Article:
Troubled Juventus turns to accountant as Andrea Agnelli era ends

Serie A - Torino v Juventus
Soccer Football - Serie A - Torino v Juventus - Stadio Olimpico Grande Torino, Turin, Italy - October 15, 2022 Juventus president Andrea Agnelli before the match REUTERS/Massimo Pinca
  • Exor proposes Gianluca Ferrero as new Juventus chairman
  • Andrea Agnelli, chairman since 2010, steps down
  • Board resigned amid investigation by prosecutors, regulator

MILAN, Nov 29 (Reuters) - The Agnelli family has proposed accountant Gianluca Ferrero as the new chairman of Juventus (JUVE.MI), marking the end of the long reign of Andrea Agnelli as the Italian soccer club tries to get to grips with its financial and legal troubles.

The move by the Agnellis' holding company Exor (EXOR.AS) comes after Juventus' board resigned, and as prosecutors and Italian market regulator Consob look into the Serie A club over alleged irregularities linked to player transfers and wages.

Announcing the board's resignation late on Monday, Juventus - which denies any wrongdoing - said a revamp was "in the best interest of the company".

It added directors had concluded that current issues would be best addressed by a new board, given "the pending legal, technical and accounting matters", and it would have to restate its financial statements for the fiscal year ending June 2022.

Juventus' shares fell as much as 10.4% at Tuesday's open, but they recovered to end down 1%.

Andrea Agnelli, who has chaired Juventus since 2010, was one of the architects of the failed attempt to set up a breakaway European Super League together with other top clubs last year.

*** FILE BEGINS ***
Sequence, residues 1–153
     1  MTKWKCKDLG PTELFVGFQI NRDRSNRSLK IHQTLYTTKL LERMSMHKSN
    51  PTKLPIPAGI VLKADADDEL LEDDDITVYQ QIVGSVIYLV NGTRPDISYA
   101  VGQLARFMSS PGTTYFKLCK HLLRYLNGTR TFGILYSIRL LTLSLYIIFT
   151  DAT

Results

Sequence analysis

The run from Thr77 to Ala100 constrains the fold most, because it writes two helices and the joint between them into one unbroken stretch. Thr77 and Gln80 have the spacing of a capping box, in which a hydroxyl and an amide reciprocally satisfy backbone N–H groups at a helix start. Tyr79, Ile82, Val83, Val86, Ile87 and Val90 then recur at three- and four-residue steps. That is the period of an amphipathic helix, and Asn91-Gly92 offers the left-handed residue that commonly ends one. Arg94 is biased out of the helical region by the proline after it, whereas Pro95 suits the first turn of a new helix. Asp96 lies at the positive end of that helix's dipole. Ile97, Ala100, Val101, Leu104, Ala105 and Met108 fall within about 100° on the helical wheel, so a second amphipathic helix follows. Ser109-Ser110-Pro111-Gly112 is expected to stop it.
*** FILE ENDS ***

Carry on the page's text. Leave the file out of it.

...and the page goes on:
Under his tenure, Juventus secured nine consecutive national titles, but failed to win Europe's prestigious Champions League.

After the first trophyless season for a decade last year, Juventus were knocked out of Europe's top club competition at the group stages this year and are currently third in Serie A.

The loss-making club has also been hit by rising costs linked to players' salaries and the coronavirus pandemic, and has been forced to ask shareholders for a total of 700 million euros ($723 million) in cash injections in three years.

On Tuesday, Spain's LaLiga demanded "immediate" sports sanctions be applied on Juventus for allegedly breaching European soccer's financial fair play rules. Juventus had no immediate comment.


Exor, which owns about 64% of Juventus shares and controls about 78% of voting rights, said it would propose Ferrero as chairman at a shareholder meeting the club has called for Jan. 18 to appoint a new board.

It will also present its full slate of candidates for the new board, it added.

Juventus has appointed Maurizio Scanavino, CEO of privately-held media group GEDI which is also owned by Exor, as general manager, while CEO Maurizio Arrivabene will keep his position on a temporary basis.

Exor's head John Elkann said on Tuesday candidates for the new board would be picked from lawyers and corporate governance experts to help the club address legal challenges.

He praised his cousin Andrea for his tenure at Juventus, saying the club reached "memorable goals under his leadership", and confirmed Massimiliano Allegri as coach.

Two sources familiar with the matter said Andrea Agnelli's decision to step back was taken in agreement with Elkann.

In a letter to Juventus staff seen by Reuters, Andrea Agnelli described the club's situation as "delicate".

"When the team is not cohesive it becomes vulnerable and that can be fatal," he wrote. "This is when you need to keep calm and contain damages ... Better to quit all together, giving the chance to a new team to turn the game around."

On Tuesday, Ferrari (RACE.MI), also controlled by the Agnellis, accepted the resignation of its Formula One team boss Mattia Binotto in another reshuffle at Exor's sporting assets.

($1 = 0.9680 euros)

Writing by Giulio Piovaccari and Elvira Pollina; Editing by Clarence Fernandez and Mark Potter

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